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BT: How would you characterize your year as NTTC chairman?

Shaeffer: I think it has been good in the sense that we had a good staff transition when John Conley retired.

Several years ago there was a lack of continuity from one chairman to the next. We each have our hot issues but in recent years we have made a more effective transition. The immediate past chairman, current chairman and incoming chair work closely together with the NTTC President. This affords the incoming chairman opportunities to become more knowledgable about the business of the association. The result is a smooth transition between chairmen and continuity within the NTTC.

BT: What were the key association developments during your year as NTTC chairman?

Shaeffer: We concluded our succession planning for the executive suite with a smooth transition. The association has had just four presidents—Austin Sutherland, Cliff Harvison, John Conley, and now Dan Furth. This is an association that has been around for about 70 years. We felt it was important that the transition to the next president be a success. John Conley was kind enough to let us know well in advance of his intended retirement date. Having John on staff gave us ample opportunity for Dan to gain experience and learn from John.

We worked with the new team to chart a strategic course. We beefed up the staff. We’re following the strategic plan.

BT: Was NTTC understaffed as an association?

Shaeffer: I would say they were understaffed if they were going to try to enhance the value the association provides to the members.

BT: Going forward, what are the objectives of NTTC?

Shaeffer: We want growth in membership. We want to be able to share best practices between companies. We want more members from more areas of the country. We’ve already strengthened our representation in California. It’s a rewarding experience to sit down and talk candidly about common issues with a peer in the industry that is not a competitor.

BT: Where do we stand with the NTTC’s new Driver of the Year program?

Shaeffer: That also was a big development for the past year. We launched this program, which is huge. It was overdue. None of us who are executives in this business do anything that we can bill to a customer. Our drivers are the people who power this industry and get the job done. They haul the loads; they make the deliveries; they enable us to transport product and bill the customers, so we can make payroll, pay for fuel, buy equipment, and take care of the rest of our expenses.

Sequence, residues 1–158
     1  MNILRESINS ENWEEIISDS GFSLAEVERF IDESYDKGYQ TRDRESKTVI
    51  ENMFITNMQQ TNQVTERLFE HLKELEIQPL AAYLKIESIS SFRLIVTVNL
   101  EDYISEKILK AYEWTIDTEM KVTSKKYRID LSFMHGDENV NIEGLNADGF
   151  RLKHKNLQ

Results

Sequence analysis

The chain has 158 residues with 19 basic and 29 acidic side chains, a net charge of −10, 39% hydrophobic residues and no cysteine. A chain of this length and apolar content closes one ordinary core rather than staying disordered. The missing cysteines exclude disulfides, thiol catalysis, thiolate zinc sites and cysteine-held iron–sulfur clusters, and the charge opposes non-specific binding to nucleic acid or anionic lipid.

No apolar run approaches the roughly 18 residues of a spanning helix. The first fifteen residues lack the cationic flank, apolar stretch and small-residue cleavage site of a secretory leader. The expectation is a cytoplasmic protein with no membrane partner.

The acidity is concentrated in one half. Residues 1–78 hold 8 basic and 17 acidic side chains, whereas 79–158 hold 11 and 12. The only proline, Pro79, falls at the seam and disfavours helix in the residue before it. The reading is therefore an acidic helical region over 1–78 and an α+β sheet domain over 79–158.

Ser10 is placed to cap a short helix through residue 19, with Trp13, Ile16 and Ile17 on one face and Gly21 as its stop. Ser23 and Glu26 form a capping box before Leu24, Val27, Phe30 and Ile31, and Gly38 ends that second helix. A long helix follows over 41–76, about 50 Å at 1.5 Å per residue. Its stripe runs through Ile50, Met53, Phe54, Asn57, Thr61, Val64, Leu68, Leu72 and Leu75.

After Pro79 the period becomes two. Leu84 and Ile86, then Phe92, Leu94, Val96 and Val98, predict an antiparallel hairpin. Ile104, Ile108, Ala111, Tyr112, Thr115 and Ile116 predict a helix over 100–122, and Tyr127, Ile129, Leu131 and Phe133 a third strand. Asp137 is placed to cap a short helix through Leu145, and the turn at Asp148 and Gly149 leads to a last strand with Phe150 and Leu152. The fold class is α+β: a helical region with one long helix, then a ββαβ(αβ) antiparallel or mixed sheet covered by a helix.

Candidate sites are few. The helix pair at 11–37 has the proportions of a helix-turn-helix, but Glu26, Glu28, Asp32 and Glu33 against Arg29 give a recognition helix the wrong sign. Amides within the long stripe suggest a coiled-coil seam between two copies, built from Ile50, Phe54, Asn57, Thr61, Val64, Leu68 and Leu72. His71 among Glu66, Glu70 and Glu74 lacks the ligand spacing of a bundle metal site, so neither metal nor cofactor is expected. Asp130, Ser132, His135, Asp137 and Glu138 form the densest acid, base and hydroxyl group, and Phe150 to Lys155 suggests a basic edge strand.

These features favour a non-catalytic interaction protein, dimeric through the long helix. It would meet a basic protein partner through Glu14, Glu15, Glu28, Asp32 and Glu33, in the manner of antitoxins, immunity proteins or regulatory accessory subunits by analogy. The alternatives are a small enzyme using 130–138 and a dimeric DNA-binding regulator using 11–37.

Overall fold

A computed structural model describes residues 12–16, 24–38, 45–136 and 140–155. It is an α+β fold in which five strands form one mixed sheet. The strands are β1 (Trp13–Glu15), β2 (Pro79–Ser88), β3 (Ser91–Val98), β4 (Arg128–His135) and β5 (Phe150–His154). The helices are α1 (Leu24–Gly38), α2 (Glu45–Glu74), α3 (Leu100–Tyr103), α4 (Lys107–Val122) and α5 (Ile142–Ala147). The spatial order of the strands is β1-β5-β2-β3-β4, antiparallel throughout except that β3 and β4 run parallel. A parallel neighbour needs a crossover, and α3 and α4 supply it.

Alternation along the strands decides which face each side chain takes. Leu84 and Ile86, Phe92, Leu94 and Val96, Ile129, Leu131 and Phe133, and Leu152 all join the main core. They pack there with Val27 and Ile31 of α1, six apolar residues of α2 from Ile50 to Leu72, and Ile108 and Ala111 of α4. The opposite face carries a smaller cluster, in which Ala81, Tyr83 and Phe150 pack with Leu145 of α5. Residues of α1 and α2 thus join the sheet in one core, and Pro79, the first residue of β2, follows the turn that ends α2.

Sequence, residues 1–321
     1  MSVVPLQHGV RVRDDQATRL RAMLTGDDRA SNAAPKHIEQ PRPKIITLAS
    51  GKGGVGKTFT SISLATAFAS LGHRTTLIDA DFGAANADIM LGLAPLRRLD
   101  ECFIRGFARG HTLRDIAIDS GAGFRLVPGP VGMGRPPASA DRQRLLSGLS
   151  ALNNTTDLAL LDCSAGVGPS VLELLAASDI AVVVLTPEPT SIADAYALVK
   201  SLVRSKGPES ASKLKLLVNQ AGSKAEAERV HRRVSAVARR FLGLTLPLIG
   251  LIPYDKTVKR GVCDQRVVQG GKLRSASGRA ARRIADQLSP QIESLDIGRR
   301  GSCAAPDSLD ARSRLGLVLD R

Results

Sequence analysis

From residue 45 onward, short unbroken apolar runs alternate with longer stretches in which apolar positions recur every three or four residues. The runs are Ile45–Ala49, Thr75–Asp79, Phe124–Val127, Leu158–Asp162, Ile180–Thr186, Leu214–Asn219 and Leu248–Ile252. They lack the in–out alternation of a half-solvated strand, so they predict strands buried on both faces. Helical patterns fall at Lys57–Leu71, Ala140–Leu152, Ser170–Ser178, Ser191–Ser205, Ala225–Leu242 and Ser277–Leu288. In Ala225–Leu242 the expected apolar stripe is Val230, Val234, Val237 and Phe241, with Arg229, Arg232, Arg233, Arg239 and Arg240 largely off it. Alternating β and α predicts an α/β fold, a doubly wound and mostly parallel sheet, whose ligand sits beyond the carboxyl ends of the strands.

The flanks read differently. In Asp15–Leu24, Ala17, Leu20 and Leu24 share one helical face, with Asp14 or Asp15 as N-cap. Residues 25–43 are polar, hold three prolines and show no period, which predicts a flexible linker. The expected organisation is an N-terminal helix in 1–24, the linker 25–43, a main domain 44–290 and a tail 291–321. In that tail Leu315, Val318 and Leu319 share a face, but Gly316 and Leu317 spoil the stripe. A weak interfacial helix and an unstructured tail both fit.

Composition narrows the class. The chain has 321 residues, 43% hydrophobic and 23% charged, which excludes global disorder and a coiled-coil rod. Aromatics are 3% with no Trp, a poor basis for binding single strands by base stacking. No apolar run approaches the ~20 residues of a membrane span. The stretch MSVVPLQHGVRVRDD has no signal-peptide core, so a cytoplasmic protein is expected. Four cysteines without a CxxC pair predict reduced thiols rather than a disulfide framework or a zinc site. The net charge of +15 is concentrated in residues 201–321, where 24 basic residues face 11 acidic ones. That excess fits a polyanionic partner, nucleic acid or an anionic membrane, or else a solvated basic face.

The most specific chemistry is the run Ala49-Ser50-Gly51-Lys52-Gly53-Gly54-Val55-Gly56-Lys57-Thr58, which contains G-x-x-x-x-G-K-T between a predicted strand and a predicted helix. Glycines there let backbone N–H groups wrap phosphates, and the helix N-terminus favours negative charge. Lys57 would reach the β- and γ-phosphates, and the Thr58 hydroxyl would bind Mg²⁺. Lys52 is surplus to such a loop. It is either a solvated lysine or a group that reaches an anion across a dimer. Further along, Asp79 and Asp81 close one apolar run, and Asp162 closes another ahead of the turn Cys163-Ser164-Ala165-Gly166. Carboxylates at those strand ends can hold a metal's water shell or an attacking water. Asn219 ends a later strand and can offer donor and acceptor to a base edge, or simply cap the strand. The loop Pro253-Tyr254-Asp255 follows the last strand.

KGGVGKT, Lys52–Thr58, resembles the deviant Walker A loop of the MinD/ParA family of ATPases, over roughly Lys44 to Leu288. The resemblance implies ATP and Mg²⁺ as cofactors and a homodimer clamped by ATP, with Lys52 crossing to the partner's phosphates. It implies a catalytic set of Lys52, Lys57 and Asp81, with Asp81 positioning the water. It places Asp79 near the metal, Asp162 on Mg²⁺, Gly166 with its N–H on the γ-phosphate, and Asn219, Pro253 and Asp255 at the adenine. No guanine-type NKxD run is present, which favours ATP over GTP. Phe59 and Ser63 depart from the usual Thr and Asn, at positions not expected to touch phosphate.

Considering the role and responsibility that driver has that we recognize the professionalism and the accomplishments of these individuals. A McKenzie driver is one of the eight finalists, and I’m talking about that at our terminal safety banquets. It’s a big deal.

It’s so important to talk about the successes of drivers. I’ll give you an example. We have a large chemical customer, and they have an annual gathering at which they recognize safety initiatives at plants from all over the world. As their primary carrier in North America, we were asked to provide a driver and tractor-trailer so we could talk about safety technology. This was an opportunity for senior management at that chemical company to speak with our driver and see the truck with all of the technology. They were able to hear firsthand about the challenges we have in safely making every one of those deliveries.

BT: What has NTTC done in recent years to make membership more attractive?

Shaeffer: We restructured our varied membership types into three categories. Since we announced the new private fleet category in 2012, we’ve added 20 new members.

We’ve made investment in key areas to extend the brand, including content improvement at the events.

We planned a $100,000 investment in our new liquid products database initiative that focuses on preventing cargo tank corrosion. If NTTC doesn’t do this, it’s unlikely any other group will do it. It’s important, because there are many products we are asked to transport that may not have to be placarded as corrosive, yet these products still pit our stainless steel trailers.

In government affairs, we have expanded our advocacy efforts to broaden coverage of both legislative and regulatory relationships with increased focus on the NTTC Political Action Committee.

We expanded our Cargo Tank Workshop partnership with the Department of Transportation, and we have doubled the average class size from just four years ago.

We made a number of event improvements, including increased investment, better location selection, and enhanced programs. A great example was our highly successful Tank Truck Week in Houston, the largest event in NTTC history with attendance in excess of 1,300. We had more vendor booths and vehicle spots than ever before.    ♦